Constable painting 'transformed' after extensive cleaning

Published
Image source, National Trust/James Dobson
Image caption,
The work is "full of the pageantry and colour of urban life", the National Trust said

A painting by the world-renowned landscape artist John Constable has gone on display after it underwent 270 hours of cleaning.

The Embarkation of George IV from Whitehall: the Opening of Waterloo Bridge, 1817, was now back to its "full glory", the National Trust (NT) said.

It now looks like it was painted at a "different time of day", it added.

The work has been rehung at the NT's Anglesey Abbey, in Lode, Cambridgeshire.

The large painting by the Suffolk-born artist records the scene on the River Thames in London on the second anniversary of the Battle of Waterloo. It is now on display in the Abbey's library, where panels and shelves are made from timber salvaged from the piles of the original Waterloo Bridge when it was dismantled in 1936.

Image source, National Trust/John Constable/Christopher Hurst
Image caption,
The painting before it was cleaned up...
Image source, National Trust/James Dobson
Image caption,
...and as it was rehung in the library at Anglesey Abbey in Cambridgeshire

The charity said the work takes centre stage in an exhibition, Constable Revealed, that has opened at the property and will be on show along a painting called Summer Evening, Stoke-by-Nayland which has now been acknowledged as an original Constable work.

Image source, John Constable/National Trust
Image caption,
Experts believe Summer Evening Stoke-by-Nayland, by John Constable, was painted in the early 19th Century

Referring to the depiction of Waterloo Bridge, the charity said: "The largest known painting by artist John Constable, but which was never exhibited in his lifetime, has been brought back to its full glory by National Trust conservators, revealing a long-vanished Thames skyline view."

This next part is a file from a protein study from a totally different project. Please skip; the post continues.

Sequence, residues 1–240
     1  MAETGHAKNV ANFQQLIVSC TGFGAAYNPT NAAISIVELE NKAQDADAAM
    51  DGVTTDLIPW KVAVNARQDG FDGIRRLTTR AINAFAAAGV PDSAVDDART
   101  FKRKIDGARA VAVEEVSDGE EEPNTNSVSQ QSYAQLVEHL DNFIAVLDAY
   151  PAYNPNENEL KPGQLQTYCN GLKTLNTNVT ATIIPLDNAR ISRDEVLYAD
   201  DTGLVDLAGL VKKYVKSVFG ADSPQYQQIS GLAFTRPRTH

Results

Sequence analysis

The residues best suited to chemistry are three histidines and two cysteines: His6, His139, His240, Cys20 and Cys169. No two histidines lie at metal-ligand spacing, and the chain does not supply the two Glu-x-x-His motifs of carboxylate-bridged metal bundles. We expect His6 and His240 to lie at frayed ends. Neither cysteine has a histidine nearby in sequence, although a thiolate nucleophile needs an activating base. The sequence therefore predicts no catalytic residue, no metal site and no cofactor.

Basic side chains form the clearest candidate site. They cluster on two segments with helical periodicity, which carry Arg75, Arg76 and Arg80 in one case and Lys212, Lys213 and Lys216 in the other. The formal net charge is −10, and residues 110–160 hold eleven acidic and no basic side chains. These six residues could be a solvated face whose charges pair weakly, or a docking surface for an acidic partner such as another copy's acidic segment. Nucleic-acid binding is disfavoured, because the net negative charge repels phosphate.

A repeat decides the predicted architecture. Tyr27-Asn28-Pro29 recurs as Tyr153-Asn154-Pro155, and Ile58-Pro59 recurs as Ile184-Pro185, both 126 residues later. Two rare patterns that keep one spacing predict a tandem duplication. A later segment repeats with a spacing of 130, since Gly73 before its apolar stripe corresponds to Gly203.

The artwork was sent to the NT's Royal Oak Foundation Conservation Studio in Kent, where "several layers of badly yellowed varnish had obscured the detail and turned the painting into a very dulled view of the 19th Century Thames", it added.

It has now been transformed to show "bright blue skies".

Image source, National Trust/James Dobson
Image caption,
The John Constable painting and is part of the National Trust's collection, it said
Image source, Nation Trust/James Dobson
Image caption,
Many layers of old varnish were painstakingly removed

Sarah Maisey, senior remedial conservator for paintings at the NT, said there were "challenges" during the restoration.

"There had been some earlier tests which showed that this painting would respond really well to varnish removal but it has been a particular delight to see the quality of the improvement.

"It had been painted, and varnished, at different stages so care had to be taken to ensure that the solvents being used to thin and remove the varnish layers didn't also affect the paint layer.

"We are delighted with the final result."

Image source, National Trust/John Constable
Image caption,
An X-ray was used to help analyse the different layers of paint and varnish

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